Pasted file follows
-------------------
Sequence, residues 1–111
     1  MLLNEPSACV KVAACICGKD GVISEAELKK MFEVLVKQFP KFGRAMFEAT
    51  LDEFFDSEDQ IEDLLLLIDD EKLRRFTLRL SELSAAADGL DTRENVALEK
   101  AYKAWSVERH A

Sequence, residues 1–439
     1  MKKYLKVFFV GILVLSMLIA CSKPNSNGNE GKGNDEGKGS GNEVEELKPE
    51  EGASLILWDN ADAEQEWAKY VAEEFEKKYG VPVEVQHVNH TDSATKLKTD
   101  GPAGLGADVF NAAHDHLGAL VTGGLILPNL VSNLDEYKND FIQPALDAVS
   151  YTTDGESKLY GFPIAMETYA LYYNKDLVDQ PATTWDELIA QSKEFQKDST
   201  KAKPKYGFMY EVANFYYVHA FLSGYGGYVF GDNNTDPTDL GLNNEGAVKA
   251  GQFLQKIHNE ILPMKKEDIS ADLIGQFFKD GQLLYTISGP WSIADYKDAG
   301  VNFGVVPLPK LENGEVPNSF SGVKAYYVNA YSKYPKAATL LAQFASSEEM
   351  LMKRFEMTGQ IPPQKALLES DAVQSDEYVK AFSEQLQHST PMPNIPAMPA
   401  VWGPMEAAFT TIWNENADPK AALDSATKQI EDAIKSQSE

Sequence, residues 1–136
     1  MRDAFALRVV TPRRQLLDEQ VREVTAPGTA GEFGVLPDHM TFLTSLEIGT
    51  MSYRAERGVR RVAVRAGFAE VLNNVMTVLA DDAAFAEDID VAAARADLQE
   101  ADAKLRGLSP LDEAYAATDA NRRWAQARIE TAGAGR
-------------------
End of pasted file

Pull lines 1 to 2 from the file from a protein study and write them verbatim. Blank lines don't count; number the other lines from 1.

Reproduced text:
Sequence, residues 1–111
     1  MLLNEPSACV KVAACICGKD GVISEAELKK MFEVLVKQFP KFGRAMFEAT